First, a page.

Many people hear the word Medicaid and they tune out, because they expect to be eligible for Medicare coverage. Before we take a look at the disadvantages of Medicaid trusts, we should first explain why Medicaid is relevant to senior citizens so we don’t lose anyone.
Long-Term Care Costs
The United States Department of Health and Human Services tells us that most of the people in the United States will eventually need custodial care. This is the type of care that is received in nursing homes and assisted living communities. This type of care can also be provided within the homes of seniors who need living assistance in some instances.
Long-term care is extremely expensive. When you compare the average retirement savings account to the average cost for a stay in a long-term care facility, the numbers simply don’t add up. If you are thinking that you are not worried about these expenses because you will be qualified for Medicare, you should understand the fact that Medicare won’t pay for custodial care.
Medicaid will pay for long-term care costs if you can qualify. Once again, the majority of seniors are going to need living assistance at some point in time. This is why Medicaid is relevant to people who will be qualified for Medicare.
Medicaid Planning & Five Year Look Back
To qualify for Medicaid you must be able to demonstrate financial need. This can involve spending down, which is a term that describes divesting yourself of assets. To do this effectively you must be aware of the five year look back. Your eligibility will be delayed if program evaluators find that you have given away assets within five years of applying for Medicaid.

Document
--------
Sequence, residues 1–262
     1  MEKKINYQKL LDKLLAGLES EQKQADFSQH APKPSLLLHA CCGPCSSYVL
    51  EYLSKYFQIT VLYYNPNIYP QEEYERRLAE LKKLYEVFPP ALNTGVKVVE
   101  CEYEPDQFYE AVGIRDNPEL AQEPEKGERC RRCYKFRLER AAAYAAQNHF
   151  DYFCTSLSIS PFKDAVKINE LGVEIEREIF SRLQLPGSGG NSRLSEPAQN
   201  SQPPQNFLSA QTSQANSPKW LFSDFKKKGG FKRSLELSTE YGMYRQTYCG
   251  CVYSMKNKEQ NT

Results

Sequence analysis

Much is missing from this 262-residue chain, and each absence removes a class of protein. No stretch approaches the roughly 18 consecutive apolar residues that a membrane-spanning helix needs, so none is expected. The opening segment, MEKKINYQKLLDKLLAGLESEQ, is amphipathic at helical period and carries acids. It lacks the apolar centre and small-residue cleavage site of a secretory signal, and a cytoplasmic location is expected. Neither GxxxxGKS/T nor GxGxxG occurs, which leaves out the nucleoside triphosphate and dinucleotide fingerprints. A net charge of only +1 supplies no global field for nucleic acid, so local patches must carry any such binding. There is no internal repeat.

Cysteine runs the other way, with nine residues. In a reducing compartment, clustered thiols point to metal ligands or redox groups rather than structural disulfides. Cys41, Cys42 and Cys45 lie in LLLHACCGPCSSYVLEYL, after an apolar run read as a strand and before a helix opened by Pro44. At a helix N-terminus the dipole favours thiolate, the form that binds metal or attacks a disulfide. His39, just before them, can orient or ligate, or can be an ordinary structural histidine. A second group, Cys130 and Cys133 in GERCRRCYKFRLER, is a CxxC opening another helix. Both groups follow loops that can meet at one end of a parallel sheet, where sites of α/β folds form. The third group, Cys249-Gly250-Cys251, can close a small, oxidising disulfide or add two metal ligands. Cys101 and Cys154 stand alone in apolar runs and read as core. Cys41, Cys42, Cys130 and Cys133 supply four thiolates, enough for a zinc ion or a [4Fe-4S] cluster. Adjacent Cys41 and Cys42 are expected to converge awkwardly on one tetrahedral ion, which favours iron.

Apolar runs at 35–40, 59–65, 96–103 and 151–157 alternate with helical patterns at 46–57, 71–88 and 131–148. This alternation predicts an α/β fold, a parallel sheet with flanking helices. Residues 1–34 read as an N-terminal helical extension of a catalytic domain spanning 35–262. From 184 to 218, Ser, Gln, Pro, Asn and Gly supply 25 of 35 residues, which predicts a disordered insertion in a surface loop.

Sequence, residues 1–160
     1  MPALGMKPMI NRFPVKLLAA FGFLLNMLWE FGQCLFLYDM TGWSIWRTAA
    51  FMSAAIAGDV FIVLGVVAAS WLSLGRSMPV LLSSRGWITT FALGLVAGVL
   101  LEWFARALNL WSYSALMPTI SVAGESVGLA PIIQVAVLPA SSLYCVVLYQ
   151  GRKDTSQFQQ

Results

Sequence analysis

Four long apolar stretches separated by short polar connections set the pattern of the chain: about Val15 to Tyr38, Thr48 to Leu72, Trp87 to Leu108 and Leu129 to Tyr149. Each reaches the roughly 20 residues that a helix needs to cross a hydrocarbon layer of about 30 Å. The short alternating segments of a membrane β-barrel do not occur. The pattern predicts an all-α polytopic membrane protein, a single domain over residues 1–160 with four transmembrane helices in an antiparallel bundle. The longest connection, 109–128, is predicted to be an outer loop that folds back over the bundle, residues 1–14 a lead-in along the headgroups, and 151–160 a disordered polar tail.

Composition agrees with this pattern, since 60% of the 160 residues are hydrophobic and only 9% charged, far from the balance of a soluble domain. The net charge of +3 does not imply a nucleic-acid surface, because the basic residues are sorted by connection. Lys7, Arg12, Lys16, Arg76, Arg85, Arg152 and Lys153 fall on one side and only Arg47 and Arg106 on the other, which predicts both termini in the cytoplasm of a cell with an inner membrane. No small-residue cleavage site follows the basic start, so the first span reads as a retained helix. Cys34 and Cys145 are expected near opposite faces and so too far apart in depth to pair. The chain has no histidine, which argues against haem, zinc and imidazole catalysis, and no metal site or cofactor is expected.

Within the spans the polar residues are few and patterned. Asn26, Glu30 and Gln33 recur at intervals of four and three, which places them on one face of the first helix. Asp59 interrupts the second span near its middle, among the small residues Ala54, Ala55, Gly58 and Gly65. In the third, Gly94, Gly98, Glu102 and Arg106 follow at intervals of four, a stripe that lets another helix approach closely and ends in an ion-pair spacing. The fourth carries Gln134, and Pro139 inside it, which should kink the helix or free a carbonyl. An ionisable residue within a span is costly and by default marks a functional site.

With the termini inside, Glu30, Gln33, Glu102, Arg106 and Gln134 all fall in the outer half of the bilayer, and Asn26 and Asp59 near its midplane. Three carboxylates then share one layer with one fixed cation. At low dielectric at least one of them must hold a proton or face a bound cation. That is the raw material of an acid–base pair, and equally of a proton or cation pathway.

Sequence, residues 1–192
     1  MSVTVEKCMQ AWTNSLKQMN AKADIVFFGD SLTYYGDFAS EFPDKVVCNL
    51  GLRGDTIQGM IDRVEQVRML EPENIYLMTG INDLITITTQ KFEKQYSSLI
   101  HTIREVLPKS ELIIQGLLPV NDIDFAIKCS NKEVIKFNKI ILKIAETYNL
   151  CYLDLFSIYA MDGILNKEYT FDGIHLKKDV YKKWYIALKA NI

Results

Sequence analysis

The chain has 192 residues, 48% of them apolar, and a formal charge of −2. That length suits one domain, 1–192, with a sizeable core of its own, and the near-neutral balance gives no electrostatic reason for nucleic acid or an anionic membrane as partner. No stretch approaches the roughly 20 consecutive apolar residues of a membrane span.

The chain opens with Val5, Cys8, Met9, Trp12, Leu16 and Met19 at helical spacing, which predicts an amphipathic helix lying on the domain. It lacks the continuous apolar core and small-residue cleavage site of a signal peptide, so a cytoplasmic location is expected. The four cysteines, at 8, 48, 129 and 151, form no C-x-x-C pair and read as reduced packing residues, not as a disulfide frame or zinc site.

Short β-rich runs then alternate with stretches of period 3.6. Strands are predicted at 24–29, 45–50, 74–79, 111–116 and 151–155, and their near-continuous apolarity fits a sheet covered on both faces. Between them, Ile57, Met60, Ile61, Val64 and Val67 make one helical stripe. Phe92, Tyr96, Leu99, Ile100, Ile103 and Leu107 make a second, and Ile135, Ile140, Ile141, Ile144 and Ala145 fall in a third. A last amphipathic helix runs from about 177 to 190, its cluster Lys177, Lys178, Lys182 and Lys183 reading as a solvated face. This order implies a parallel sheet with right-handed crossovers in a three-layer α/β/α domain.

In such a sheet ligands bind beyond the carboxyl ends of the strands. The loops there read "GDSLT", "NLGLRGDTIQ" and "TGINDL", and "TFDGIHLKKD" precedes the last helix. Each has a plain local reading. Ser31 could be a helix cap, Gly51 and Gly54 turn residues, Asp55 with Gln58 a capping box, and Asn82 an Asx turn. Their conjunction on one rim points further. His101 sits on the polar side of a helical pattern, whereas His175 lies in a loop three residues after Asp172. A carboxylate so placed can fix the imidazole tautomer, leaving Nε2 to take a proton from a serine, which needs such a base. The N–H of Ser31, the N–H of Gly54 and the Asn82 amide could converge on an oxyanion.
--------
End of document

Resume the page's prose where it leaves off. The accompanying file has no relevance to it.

Medicaid planning is important for many people who are making preparations for the eventualities of aging, but the earlier you plan, the greater your options.
You can spend down by giving direct gifts, but you could alternately convey assets into a trust. When people who are engaged in Medicaid planning create a trust to hold assets, it is often referred to as a Medicaid trust. This kind of trust can have significant tax or asset protection benefits.
There are different types of trusts. Revocable trusts allow you to revoke or rescind the trust at any time. You retain control of the assets that you have conveyed into the trust, and you can change the terms.
Because of this ongoing control, assets that have been conveyed into a revocable trust would be counted as personal property by the Medicaid program.
A Medicaid trust would be an irrevocable trust that you cannot rescind or change. The disadvantages stem from the loss of control. Once you have conveyed assets into an irrevocable trust, you can’t take them back, even if you never apply for Medicaid.
Medicaid Planning Consultation
Medicaid planning can be complex. If you would like to discuss things with a licensed elder law attorney, contact our firm to request a free consultation.